Your Theme in April: Ep 14 – Footsteps

My April event continues as I explore another theme seen prominently in epsisode 14 of Your lie in April. Read on to see my analysis and try your hand at the daily quiz.


Intro

Obligatory disclaimer: This post may contain spoilers for episode 14 and earlier. Other readers’ comments are not guaranteed to be spoiler free for the overall series.

The group visits Kaori in the hospital where she assures them she’s feeling fine. When Tsubaki is confronted about how she feels about Kousei, she recalls moments from their childhood. As she grows more discontent with how close Kousei and Kaori are, her friend Kashiwagi tries to intervene.

I covered this episode during last year’s event here (opens in a new window). Take a look for the episode recap and my take on some of the key moments.

As the title of this anime implies, a deception lies at the heart of its entire premise. You all have been picking out lies all month if you’ve been playing my quiz, but did you spot the numerous lies characters told themselves and each other this episode? For today’s post, I’ll look at a few instances and what purpose these lies serve for the story.


Deceit

Lies exist for a variety of reasons and in many forms. A white lie might be told to keep someone from worrying needlessly. Someone might lie to hide their true nature or intent from another who might oppose it. A lie may even be told to oneself to ward off the pain that truth brings. The characters in this show exhibit all these, and several examples can be seen in this episode alone.

Kaori pumping her arms in the hospital bed to show she's strong

The first one comes early when Kaori tells her friends once again that she’s fine. Her story about hitting her head and just running some tests is told so nonchalantly that Tsubaki and Watari feel relieved. Kousei has been through this before though, and he’s not so easily convinced. His repeated questions to himself “You’re not lying about the tests, right?”, “You’ll be okay, right?”, betray a subconscious desire to avoid the truth of the matter himself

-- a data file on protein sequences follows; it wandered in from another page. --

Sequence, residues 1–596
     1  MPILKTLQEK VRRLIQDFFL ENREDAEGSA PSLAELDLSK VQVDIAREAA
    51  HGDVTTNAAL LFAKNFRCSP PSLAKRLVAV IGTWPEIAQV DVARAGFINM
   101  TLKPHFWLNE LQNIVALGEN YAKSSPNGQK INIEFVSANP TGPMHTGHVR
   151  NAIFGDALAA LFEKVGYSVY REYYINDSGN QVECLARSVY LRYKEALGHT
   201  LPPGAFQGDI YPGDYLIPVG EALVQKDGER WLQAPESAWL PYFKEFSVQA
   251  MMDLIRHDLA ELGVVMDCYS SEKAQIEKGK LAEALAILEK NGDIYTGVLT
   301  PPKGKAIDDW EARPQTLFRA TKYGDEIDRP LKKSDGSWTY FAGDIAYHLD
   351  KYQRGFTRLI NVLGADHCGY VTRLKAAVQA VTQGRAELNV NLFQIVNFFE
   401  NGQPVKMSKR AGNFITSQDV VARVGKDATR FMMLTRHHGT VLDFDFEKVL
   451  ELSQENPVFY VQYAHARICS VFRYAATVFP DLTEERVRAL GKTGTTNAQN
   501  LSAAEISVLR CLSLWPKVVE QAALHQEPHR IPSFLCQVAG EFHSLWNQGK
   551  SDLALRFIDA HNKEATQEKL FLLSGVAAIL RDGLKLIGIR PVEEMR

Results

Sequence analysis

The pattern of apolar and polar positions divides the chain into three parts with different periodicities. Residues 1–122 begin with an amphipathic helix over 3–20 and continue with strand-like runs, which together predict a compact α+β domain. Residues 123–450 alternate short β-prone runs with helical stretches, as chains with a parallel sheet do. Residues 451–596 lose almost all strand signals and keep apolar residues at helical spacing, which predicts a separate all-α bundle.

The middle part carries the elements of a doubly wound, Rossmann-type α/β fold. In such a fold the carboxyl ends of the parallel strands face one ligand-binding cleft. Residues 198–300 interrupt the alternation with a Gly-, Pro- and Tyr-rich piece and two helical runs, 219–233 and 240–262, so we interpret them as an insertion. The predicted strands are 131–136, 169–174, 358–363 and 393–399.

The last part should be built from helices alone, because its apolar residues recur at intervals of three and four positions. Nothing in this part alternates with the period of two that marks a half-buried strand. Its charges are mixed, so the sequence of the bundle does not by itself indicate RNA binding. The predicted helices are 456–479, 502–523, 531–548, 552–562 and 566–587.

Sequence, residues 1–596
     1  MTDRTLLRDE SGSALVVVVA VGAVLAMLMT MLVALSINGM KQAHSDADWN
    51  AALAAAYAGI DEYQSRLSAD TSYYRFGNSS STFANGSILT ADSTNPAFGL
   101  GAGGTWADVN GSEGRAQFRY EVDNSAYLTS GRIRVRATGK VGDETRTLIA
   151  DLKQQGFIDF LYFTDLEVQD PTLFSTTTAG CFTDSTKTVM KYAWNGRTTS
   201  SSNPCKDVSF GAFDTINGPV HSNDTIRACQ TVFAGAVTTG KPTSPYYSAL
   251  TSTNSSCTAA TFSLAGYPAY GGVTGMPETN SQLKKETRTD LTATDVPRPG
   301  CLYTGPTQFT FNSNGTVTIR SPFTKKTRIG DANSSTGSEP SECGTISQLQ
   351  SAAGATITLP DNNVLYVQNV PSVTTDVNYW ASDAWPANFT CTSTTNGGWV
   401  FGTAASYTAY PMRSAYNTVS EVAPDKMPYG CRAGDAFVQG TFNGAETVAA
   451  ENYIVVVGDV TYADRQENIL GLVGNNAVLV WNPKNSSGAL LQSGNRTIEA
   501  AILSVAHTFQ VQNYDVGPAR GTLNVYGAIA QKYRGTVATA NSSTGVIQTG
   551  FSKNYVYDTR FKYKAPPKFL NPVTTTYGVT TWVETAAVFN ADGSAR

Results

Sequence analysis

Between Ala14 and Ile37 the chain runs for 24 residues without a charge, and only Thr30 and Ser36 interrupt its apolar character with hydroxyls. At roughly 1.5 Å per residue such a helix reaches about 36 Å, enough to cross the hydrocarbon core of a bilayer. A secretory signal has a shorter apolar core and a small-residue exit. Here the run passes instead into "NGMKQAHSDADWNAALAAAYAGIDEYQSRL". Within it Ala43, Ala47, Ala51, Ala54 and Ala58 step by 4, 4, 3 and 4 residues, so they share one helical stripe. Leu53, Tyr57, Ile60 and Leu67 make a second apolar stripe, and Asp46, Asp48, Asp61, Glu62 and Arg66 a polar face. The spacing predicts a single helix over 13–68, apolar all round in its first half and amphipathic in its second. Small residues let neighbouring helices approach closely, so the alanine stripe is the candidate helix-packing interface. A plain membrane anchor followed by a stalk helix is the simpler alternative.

Unlike Kousei, Tsbaki needs external prodding in the form of Kashiwagi to consider the questions that she’s struggling with herself. When asked directly, she denies feeling like Kousei is anything more than a little brother. Kashiwagi is unsurprisingly skeptical but Tsubaki feeds herself the lie so strongly that she’s started to believe it. For both Kousei and Tsubaki, the uncertainty and discomfort brought on by the truth feels like it’s too much to deal with, and they allow themselves to be comforted by self delusion.

Image of Kousei looking sullen, wondering if Kaori is ok

It’s plain for anyone to see where Tsubaki’s heart lies as even her boyfriend Saito is starting to feel like he’s playing second fiddle. When Tsubaki expresses regret for always talking about Kousei, Saito reassures her by saying “it’s fun to hear about Arima.” He fears he’s wasting his effort on her, but because he actually likes Tsubaki he fibs to make them both feel better. No one likes to see the people they care for be hurt, and they find these small lies forgivable even if they prolong a problem.

But Tsubaki is so reluctant to face the problem that she looks for any reason to feel like it’s not there. Though she feels Kousei slipping away from her more each day, she reminisces during their moonlit stroll on the beach that they’re joking around like always. She wants so much to believe nothing will take him away that she can’t handle it when tells her he’s planning to move.

Image of Tsubaki staring toward Kousei and crying

Facing the truth, that Kousei is the one she wants by her side forever, is something that hurts her to think about because he’s already so far away. All the same, it’s a moment of clarity that she desperately needed. As much as she’s guilty of self-deceit, she’s starting to realize the comfort provided by complacency may not be worth the cost.


We’ve all probably deceived ourselves at one point or another, simply because the lie felt better than reality. How did you feel Tsubaki’s constant need to resort to this tactic? Did you spot any other themes that interested you?

Let me know your thoughts in the comments, and remember to complete today’s quiz!


Your Quiz in April

8 thoughts on “Your Theme in April: Ep 14 – Footsteps

Add yours